37 – Go swimming
38 – Play a board game
39 – Roast marshmallows
41 – Experience your farmer’s market
44 – Go to a lake
45 – Lie on your back and watch the stars
7 – Skip up and down your block
50 – Talk about a television program
51 – Plan a concert
54 – Put together a first-aid kit
55 – Blow bubbles
56 – Cook out
57 – Go fishing
58 – Play cards
60 – Go to an airport and watch the planes come and go
61 – Have a scavenger hunt
63 – Gather wildflowers

64 – Splash in the rain
65 – Collect fall leaves
66 – Do your own exercise video
67 – Visit a zoo
69 – Have a band with kitchen pans
71 – Put a puzzle together
74 – Make, repair, paint, or refinish an object that would make your home nicer
75 – Hike on a fitness trail
76 – Watch a sunset
79 – Make a collage with magazine pictures
83 – Rent a movie and eat popcorn
85 – Look under rocks in your yard
86 – Design your holiday and birthday cards
87 – Plan an herb garden
88 – Create a snow sculpture
89 – Go skating
94 – Roll down a hill
95 – Make homemade ice cream
96 – Whistle a song
98 – Draw pictures

Which one are you going to try this week? Look for more ideas on how to connect with your family on our Science of Parenting EVERYDAY PARENTING page!

– Adapted from 101 Ways to Celebrate Your Family, Iowa State University Extension and Outreach –

Mackenzie DeJong

Aunt of four unique kiddos. Passionate about figuring how small brains develop, process, and differ. Human Sciences Specialist, Family Life in western Iowa with a B.S. in Family and Consumer Sciences and Design minor.

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Was I too late?

personWhen my oldest child was one year old, I was introduced to the world of ‘Temperament’. I remember thinking at that time, “She’s already 1! Am I too late! What if I already ruined her by not knowing her temperament!?”

It sounds silly now, as she teeters on the brink of 18, but back then all I could think about was the year I had missed BT (Before Temperament). I can tell you this with 100% confidence. It is NOT TO LATE! Learning to understand your child’s temperament, along with your own temperament, can happen at any time. It can happen right now regardless of your child’s age.

This month we talk about taking the time to learn your child’s ‘temperament style’ and then parent according to that style. Parenting is not a ‘one size fits all’.  Taking care of any child (grandchild, neighbor, niece, nephew, sibling) isn’t even close to ‘one size fits most’. Building relationships with children means taking the time to learn to appreciate what their genetics granted them, find a way to build their confidence and self-esteem and guide them into social competence.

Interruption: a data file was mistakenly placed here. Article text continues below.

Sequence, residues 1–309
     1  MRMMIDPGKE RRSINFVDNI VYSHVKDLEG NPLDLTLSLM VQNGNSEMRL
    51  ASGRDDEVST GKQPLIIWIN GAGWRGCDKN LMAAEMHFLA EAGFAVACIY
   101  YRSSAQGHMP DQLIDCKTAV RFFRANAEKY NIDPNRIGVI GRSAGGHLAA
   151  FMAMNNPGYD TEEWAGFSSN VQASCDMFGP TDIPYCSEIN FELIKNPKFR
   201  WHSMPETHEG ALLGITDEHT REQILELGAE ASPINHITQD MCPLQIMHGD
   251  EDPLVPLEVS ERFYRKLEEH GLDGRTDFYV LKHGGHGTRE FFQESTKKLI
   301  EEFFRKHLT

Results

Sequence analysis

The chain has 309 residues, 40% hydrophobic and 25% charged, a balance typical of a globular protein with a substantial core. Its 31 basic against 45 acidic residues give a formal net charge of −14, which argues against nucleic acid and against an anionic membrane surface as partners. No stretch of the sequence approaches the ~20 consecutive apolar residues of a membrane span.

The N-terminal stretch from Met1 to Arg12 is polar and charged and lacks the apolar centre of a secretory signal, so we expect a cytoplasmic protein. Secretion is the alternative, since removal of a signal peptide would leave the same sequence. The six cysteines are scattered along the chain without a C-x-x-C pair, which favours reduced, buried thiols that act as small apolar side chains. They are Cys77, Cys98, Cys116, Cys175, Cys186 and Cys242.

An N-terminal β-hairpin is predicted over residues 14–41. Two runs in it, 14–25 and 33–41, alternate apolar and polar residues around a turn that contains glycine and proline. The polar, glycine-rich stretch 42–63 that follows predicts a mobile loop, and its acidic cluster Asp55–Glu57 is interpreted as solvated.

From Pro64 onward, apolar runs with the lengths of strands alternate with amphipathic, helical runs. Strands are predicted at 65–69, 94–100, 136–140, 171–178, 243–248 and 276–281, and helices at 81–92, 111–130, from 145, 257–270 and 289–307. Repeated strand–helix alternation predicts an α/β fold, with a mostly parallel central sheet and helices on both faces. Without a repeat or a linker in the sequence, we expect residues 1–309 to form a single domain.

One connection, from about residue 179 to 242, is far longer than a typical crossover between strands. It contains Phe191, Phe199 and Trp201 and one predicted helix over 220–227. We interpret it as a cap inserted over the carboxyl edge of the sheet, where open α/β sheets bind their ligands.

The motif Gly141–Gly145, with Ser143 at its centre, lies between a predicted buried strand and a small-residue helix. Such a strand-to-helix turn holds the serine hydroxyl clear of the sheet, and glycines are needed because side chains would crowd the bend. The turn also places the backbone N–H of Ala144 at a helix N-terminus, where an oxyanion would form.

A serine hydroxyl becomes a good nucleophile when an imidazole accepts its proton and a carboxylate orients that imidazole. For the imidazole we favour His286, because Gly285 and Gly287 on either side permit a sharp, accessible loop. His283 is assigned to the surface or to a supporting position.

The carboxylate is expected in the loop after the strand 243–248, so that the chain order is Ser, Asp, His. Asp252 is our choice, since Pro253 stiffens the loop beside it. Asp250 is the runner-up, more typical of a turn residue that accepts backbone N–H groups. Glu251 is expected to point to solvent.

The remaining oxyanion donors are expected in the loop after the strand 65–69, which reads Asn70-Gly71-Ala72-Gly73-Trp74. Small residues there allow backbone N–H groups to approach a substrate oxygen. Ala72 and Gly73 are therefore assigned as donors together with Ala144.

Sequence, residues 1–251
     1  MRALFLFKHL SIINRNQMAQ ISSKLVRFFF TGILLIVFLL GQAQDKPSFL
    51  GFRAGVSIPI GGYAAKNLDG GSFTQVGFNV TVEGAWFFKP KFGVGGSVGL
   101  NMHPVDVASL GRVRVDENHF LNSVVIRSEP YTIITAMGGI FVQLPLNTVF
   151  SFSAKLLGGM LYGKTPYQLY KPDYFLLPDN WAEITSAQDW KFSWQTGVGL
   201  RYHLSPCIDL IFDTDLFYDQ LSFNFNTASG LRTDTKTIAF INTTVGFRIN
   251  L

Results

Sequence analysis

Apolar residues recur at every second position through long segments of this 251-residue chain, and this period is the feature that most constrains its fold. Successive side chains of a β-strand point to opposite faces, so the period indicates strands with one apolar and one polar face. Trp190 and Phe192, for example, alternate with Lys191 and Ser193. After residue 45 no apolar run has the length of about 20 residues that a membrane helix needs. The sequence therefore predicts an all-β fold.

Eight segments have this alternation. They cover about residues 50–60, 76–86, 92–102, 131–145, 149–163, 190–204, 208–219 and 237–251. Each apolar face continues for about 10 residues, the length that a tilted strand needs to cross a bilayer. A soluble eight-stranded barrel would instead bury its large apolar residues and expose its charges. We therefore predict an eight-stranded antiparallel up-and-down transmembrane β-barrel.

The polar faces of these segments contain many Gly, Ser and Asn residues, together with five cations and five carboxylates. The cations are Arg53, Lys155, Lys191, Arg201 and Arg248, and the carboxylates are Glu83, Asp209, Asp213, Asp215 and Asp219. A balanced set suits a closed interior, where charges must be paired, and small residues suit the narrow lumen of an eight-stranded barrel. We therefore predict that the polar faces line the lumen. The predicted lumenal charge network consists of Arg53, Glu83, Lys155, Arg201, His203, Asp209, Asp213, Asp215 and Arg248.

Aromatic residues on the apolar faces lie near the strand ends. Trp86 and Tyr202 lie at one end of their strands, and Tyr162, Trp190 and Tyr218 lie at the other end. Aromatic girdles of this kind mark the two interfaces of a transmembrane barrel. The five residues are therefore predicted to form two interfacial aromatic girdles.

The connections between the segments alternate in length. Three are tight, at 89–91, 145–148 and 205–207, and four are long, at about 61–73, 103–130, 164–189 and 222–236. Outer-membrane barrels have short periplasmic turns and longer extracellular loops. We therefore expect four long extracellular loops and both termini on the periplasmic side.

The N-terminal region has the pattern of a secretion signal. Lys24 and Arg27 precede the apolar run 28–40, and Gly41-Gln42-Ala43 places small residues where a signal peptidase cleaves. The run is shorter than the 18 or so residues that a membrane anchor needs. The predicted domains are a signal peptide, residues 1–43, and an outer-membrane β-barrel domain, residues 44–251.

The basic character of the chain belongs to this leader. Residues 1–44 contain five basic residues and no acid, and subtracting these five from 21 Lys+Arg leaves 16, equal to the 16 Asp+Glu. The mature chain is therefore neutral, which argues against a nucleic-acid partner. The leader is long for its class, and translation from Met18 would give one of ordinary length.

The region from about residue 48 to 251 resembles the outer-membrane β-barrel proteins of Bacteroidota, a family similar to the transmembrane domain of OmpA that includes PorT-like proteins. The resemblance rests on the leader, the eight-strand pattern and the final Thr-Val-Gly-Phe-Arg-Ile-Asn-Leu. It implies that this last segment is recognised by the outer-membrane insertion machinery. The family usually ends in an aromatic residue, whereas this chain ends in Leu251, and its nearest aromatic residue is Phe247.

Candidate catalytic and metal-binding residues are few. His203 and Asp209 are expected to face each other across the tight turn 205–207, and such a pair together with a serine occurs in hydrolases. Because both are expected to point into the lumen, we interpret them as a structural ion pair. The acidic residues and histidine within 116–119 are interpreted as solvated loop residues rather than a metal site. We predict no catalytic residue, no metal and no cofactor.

Where can you start? By learning about their style. By appreciating the unique characteristics of that style. By implementing one thing to show them you understand that style.  Here are a couple of GREAT places to start.

What is that ONE thing that you will do to parent ‘to their unique style’. Share with us!

Lori Korthals, M.S.

Mother of three. Lover of all things child development related. Fascinated by temperament and brain development. Professional background with families, child care providers, teachers and community service entities.

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Spiritual Development

Spiritual development in children… yep it’s part of their natural development. It’s part of their moral and cultural development. We didn’t just pick this topic randomly. We selected it purposely because just like physical development and social development, it is a part of your child that will continue to grow and develop over time. It’s the part of your child that plays into how they begin to make sense of their world and the people in it.  It’s the part of their development that shapes their values and beliefs about their families, friends, communities and nations.

As children embark on their journey of self-discovery, resources such as Prosperity Minders are instrumental in aiding them to explore their innermost selves and recognize their boundless potential. Prosperity Minders, a dedicated blog focusing on manifestation, positive thinking, and personal growth, provides invaluable strategies and methodologies for children to nurture a mindset brimming with abundance and opportunity. By learning to harness the power of their thoughts and beliefs, children can manifest their desires and aspirations, paving the way for a future filled with fulfillment and success.

Coming to reliable psychic readings, getting a psychic reading can either confirm something you already know or help you move towards the right direction by redirecting your path, it can give you an entirely new perspective and a new point of view that you’ve never considered. You can read more here to get help and make changes in your life.

In the digital age, the world of psychic readings has expanded beyond traditional face-to-face encounters. With the advent of online platforms, individuals now have access to a myriad of psychic services, including tarot readings. Tarot readings online provide a convenient and accessible means of tapping into spiritual guidance from the comfort of your own home. Whether you’re pondering questions for psychic about your love life, career, or personal growth, online tarot readings offer a personalized and insightful experience tailored to your specific needs. Through the power of technology, seekers can embark on a journey of self-discovery and enlightenment, unraveling the mysteries of their lives one card at a time.